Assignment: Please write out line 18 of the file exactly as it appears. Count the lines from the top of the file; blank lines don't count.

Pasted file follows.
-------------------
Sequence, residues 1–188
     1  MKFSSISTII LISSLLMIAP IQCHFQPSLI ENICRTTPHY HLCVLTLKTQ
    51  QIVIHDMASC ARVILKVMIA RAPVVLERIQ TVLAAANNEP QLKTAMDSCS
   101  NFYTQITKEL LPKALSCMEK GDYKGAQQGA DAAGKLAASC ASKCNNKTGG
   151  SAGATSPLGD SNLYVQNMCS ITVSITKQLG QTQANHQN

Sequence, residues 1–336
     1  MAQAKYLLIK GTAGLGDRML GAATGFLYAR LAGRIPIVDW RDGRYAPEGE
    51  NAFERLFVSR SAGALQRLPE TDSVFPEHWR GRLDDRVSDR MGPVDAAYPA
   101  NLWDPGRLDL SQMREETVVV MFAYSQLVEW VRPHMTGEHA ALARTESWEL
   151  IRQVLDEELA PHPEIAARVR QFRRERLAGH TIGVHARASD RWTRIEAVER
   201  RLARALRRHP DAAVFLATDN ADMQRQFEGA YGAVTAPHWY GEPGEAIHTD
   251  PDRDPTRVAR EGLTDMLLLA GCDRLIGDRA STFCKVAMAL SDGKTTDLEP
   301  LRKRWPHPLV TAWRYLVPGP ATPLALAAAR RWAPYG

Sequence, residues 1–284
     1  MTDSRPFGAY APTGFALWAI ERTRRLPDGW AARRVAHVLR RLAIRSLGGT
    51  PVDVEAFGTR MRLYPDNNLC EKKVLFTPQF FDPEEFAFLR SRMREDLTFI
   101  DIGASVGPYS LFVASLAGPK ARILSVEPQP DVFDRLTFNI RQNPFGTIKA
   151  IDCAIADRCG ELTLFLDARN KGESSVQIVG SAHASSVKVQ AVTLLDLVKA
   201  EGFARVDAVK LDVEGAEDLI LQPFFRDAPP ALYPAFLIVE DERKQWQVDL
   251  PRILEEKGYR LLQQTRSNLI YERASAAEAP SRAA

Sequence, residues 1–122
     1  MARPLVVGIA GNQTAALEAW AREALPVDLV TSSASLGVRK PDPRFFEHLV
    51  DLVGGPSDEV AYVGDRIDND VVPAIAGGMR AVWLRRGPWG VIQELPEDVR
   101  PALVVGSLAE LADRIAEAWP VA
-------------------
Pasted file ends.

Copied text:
   151  IDCAIADRCG ELTLFLDARN KGESSVQIVG SAHASSVKVQ AVTLLDLVKA